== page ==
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FIFA’s World Rankings to Determine the 8 Seeds For World Cup 2014 Is Flawed

world cup draw 600x337 FIFAs World Rankings to Determine the 8 Seeds For World Cup 2014 Is Flawed

Now that we know 20 of the 32 teams who will be playing in the 2014 FIFA World Cup, the level of anticipation for the World Cup draw on December 6 is growing. However, controversy has been building over the past 24-48 hours regarding what eight teams will be seeded, as well as the role that the FIFA world rankings play in the seedings process.

Despite the fact that Colombia failed to qualify for the previous three World Cups and has last appeared in the knock-out stages of a World Cup in 1990, they will be one of the eight teams seeded in the 2014 World Cup. Belgium missed qualifying for the previous five major tournaments yet they will be seeded for the 2014 World Cup. Italy won the 2006 World Cup and reached the finals of Euro 2012, while Holland reached the final of the 2010 World Cup and went undefeated in qualifying for this World Cup. Yet both Italy and the Netherlands will be unseeded for the 2014 World Cup.

FIFA’s controversial world ranking system has taken on added significance with the decision by football’s global governing body to use the rankings to determine seeding. Previously, FIFA has used a complex formula based on previous major tournament performance, which for me was a much better metric than the world rankings that depend almost entirely on results and level of competition in World Cup and Euro qualifying.

The idea of Italy or the Netherlands being grouped with, let’s say, Brazil or Argentina in a first round group is absurd. Not only is this unfair on the unseeded team but it’s potentially damaging for the team that has earned a seed by placing them in a potential group of death. Similarly, Belgium or Colombia could be handed a group that, by comparison, is relatively easy.

Also seeded is Switzerland, who under Ottmar Hitzfeld failed to qualify for Euro 2012 from a qualifying group that included England, who won the group. But England is not seeded while Switzerland is. I have less of an issue with the Swiss being seeded than that of Belgium or Colombia (because the Swiss regularly qualify for major tournaments; they just don’t contend to win these tournaments), but I still feel Holland, Italy or England would be far more deserving of a seed.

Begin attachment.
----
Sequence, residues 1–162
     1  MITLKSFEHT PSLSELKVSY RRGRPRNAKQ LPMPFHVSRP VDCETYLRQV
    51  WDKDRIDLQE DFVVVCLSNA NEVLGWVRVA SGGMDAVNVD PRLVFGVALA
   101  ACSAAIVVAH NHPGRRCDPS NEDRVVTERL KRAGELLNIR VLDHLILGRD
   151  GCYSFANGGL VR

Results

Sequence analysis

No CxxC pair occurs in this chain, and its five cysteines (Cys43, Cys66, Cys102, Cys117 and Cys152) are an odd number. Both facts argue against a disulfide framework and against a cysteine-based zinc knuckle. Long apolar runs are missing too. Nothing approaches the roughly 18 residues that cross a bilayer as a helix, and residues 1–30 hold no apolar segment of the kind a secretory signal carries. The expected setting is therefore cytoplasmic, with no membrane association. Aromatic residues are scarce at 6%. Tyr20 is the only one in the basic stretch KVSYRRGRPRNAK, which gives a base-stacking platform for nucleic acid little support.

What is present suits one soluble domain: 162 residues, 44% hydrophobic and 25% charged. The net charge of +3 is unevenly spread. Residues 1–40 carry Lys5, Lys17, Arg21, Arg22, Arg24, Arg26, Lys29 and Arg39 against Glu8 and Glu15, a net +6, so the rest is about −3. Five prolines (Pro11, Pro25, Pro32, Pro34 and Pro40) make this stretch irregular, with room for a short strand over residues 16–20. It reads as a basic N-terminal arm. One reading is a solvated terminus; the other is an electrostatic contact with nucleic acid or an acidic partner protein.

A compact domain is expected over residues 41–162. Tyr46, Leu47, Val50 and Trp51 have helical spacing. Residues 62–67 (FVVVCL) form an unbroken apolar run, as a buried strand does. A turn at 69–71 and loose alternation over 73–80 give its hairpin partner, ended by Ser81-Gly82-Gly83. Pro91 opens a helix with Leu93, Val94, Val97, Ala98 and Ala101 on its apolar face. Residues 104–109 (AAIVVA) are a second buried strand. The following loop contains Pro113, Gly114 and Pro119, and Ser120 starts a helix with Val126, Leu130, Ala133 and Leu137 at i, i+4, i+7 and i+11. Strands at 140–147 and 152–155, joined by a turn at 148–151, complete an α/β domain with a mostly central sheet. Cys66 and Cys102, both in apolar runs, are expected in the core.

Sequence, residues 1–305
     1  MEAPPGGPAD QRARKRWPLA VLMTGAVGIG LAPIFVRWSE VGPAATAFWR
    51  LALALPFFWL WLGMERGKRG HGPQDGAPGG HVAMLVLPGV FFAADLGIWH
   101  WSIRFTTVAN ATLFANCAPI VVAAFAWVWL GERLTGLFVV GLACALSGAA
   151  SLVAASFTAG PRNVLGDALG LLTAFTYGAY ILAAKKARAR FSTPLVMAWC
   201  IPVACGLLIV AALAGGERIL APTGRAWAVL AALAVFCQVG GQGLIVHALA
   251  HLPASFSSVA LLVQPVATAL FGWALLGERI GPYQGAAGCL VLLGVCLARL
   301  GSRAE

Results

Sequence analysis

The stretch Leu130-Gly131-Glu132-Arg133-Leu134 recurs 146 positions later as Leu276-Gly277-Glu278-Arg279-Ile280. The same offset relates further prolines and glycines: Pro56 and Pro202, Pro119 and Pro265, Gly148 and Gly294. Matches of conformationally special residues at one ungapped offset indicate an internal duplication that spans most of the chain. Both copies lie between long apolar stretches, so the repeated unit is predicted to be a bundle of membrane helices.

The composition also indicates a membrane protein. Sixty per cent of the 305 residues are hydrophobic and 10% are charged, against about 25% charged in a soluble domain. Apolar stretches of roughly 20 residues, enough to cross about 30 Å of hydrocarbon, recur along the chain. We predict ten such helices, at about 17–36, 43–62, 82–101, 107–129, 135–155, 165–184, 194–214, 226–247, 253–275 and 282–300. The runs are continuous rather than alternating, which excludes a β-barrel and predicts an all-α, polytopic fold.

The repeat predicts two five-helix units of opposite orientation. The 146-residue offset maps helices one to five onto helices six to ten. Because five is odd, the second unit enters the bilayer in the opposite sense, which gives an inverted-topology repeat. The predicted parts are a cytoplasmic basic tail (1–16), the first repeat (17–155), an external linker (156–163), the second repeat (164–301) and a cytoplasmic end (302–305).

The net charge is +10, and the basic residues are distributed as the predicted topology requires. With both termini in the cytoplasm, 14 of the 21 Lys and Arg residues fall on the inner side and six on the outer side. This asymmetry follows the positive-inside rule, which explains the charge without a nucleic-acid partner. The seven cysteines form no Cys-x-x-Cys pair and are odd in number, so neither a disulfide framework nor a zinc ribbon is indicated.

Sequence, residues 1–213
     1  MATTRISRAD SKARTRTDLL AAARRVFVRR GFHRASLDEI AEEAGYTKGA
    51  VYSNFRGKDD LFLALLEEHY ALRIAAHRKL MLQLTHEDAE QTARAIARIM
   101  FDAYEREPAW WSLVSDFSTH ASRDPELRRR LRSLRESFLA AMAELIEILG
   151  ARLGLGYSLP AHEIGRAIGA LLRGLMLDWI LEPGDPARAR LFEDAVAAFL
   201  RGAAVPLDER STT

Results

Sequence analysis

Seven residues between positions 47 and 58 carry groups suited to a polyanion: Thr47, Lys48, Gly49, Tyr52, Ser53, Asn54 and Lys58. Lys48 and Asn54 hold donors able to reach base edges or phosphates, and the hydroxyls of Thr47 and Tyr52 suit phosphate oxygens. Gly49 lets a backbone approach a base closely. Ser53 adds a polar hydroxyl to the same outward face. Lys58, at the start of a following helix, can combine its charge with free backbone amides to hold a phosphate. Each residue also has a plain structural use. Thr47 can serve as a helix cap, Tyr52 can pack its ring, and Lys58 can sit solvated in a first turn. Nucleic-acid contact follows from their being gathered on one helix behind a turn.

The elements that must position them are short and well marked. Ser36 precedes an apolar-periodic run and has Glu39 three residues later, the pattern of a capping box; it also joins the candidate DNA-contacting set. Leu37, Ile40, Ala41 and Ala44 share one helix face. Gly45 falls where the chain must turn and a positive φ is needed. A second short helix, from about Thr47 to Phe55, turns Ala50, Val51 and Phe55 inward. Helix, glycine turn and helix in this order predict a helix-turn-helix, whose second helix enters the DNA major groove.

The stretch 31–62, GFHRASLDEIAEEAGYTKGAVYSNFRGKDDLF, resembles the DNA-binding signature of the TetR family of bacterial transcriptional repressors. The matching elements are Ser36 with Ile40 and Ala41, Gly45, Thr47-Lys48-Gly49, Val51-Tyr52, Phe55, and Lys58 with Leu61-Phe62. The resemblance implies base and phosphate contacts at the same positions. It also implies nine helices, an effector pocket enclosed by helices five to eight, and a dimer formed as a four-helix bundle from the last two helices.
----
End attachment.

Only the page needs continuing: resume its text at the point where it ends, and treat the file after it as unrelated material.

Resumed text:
I would also point out while Portugal has yet again made a mess of qualifying, they have advanced out of the Group Stage of the last five major international tournaments, the same five tournaments Belgium have failed to qualify for. Should Portugal navigate its way through the playoffs, why should Belgium be seeded and Portugal not be?

Clearly no perfect formula exists to determine World Cup seeds, but the previous formula was much more reflective of actual tournament performances. Previous major tournaments have long been a stronger harbinger of how sides do than qualifying. Were qualifying a strong indicator of how a team will do in a World Cup, in 2006 Serbia would have been a strong side rather than finishing rock-bottom in their group. In 2010, England would have advanced much further. And in the Euro 2012, Denmark would have been a contender.

By basing seeding on a flawed world rankings system, perhaps the Group Stage becomes more tantalizing for neutrals but less meritorious for the nations involved. Pedigree matters in international football and while FIFA is determined to blaze new trails in the sport, seeing nations based on recent form exclusively rather than some logical combination of factors is simply foolish.

Editor’s note: The eight seeds who will be seeded in Pot 1 for the FIFA World Cup 2014 are Brazil, Argentina, Spain, Germany, Colombia, Belgium, Switzerland and either Uruguay (if they qualify by beating Jordan in the World Cup playoff) or Netherlands (if Uruguay loses in their World Cup playoff). You can simulate the draw via this website.


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About Kartik Krishnaiyer

A lifelong lover of soccer, the beautiful game, he served from January 2010 until May 2013 as the Director of Communications and Public Relations for the North American Soccer League (NASL). Raised on the Fort Lauderdale Strikers of the old NASL, Krishnaiyer previously hosted the American Soccer Show on the Champions Soccer Radio Network, the Major League Soccer Talk podcast and the EPL Talk Podcast. His soccer writing has been featured by several media outlets including The Guardian and The Telegraph. He is the author of the book Blue With Envy about Manchester City FC.
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